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April 23, 2014  |  Login
Wave and Tidal Power

This isn't technically a breakthrough, but it's a niche that deserves mention. Here's the story: Right up there with sun and wind on the list of free energy that the earth is kind enough to provide is moving water. Rivers flow continuously and the ocean tides go in and out regularly. This is clean, abundant energy, just waiting to be tapped. And lots of different methods are being tried: buoys anchored to the ocean floor that generate electricity as they rise and fall with the tides, rotor blades turned by ocean tides and river current, and segmented snake-like devices that generate electricity as ocean waves make them undulate. The list goes on, and all sound at least intriguing. But as of this writing none have managed to generate cost-effective power for long periods of time. This last stipulation (longevity) is the deal breaker, because bodies of water are tough environments for machinery.

Waves come at submerged generators from varying angles and speeds, while seawater is corrosive, reducing conventional metals to rust-frozen junk in no time at all. But the lure of all this free power is such that ideas abound, and many are getting a tryout. Among the generators and projects that bear watching:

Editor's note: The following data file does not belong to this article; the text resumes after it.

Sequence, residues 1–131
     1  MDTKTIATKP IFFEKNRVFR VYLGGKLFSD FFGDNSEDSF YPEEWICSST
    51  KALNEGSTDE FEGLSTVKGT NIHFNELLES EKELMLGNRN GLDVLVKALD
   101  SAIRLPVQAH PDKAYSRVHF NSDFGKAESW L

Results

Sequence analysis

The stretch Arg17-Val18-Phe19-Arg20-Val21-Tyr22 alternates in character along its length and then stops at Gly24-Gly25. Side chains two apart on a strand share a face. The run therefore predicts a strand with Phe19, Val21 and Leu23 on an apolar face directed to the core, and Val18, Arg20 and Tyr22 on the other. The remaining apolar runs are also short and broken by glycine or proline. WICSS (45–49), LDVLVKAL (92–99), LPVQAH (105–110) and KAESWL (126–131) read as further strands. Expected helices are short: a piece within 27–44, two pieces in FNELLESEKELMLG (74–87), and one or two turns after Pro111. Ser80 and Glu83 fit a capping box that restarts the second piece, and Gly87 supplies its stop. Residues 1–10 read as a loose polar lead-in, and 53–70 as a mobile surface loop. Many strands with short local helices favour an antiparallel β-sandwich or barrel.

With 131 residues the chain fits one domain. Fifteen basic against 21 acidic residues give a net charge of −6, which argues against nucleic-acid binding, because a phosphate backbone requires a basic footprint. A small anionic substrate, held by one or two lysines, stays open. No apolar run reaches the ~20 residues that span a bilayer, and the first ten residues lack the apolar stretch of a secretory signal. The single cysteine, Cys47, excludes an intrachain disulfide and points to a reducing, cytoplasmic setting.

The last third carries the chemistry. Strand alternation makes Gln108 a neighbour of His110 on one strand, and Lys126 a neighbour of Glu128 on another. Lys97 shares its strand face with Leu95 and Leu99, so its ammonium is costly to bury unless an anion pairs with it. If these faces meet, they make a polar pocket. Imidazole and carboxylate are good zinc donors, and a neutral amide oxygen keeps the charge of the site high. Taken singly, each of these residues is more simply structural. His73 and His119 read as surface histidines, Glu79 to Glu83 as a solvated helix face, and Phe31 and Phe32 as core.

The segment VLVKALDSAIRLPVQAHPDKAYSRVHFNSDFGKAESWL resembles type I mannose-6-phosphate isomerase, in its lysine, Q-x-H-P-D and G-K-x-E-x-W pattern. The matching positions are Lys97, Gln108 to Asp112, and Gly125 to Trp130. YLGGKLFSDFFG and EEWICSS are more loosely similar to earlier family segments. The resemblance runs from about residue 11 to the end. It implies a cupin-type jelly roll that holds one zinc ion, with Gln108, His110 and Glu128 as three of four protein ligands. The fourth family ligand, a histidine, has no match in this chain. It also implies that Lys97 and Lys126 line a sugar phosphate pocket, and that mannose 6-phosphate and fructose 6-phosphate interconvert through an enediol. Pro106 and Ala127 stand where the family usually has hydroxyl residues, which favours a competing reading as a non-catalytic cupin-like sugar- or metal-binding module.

Breakwater Systems consist of an opening below the water level that is connected to a column of air and water chambers. Breaking waves force water into the opening, altering the air pressure in the column and driving a turbine. British firm RWE Innogy plans to build such a generator off the Scottish coast.

Pelamis Device is a snake-like series of cylindrical, hinged sections generates power when the waves move the sections. In early 2008 Scotland-based Pelamis Wave Power was installing four such generators as part of a Scottish Power-sponsored trial.

PowerBuoy consists of modular, ocean-going buoys (12 feet in diameter and 52 feet long) that rise and fall with waves, creating mechanical energy which is converted into electricity and transmitted to shore over a submerged transmission line. Canadian firm Finavera Renewables is installing its own version of this technology in projects off the coasts of Portugal and North America.

Wave power holds promise because there's so much water energy out there. If one or more of the devices now being tested turn out to be cheap and durable, then wind and solar might face some new competition.


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